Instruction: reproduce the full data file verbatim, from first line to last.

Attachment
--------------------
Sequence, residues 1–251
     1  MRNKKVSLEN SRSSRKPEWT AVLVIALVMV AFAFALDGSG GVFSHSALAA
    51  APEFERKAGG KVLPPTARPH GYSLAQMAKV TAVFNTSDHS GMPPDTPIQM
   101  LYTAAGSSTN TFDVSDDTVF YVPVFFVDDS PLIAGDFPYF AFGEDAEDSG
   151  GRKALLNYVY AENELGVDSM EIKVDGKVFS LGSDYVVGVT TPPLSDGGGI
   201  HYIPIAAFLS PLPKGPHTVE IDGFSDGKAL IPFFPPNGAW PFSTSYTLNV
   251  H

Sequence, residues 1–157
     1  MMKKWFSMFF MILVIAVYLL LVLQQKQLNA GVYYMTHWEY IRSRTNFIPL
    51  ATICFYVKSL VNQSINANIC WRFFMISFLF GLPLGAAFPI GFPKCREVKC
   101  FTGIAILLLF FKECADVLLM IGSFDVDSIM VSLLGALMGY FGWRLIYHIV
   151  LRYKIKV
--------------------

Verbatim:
Sequence, residues 1–251
     1  MRNKKVSLEN SRSSRKPEWT AVLVIALVMV AFAFALDGSG GVFSHSALAA
    51  APEFERKAGG KVLPPTARPH GYSLAQMAKV TAVFNTSDHS GMPPDTPIQM
   101  LYTAAGSSTN TFDVSDDTVF YVPVFFVDDS PLIAGDFPYF AFGEDAEDSG
   151  GRKALLNYVY AENELGVDSM EIKVDGKVFS LGSDYVVGVT TPPLSDGGGI
   201  HYIPIAAFLS PLPKGPHTVE IDGFSDGKAL IPFFPPNGAW PFSTSYTLNV
   251  H

Sequence, residues 1–157
     1  MMKKWFSMFF MILVIAVYLL LVLQQKQLNA GVYYMTHWEY IRSRTNFIPL
    51  ATICFYVKSL VNQSINANIC WRFFMISFLF GLPLGAAFPI GFPKCREVKC
   101  FTGIAILLLF FKECADVLLM IGSFDVDSIM VSLLGALMGY FGWRLIYHIV
   151  LRYKIKV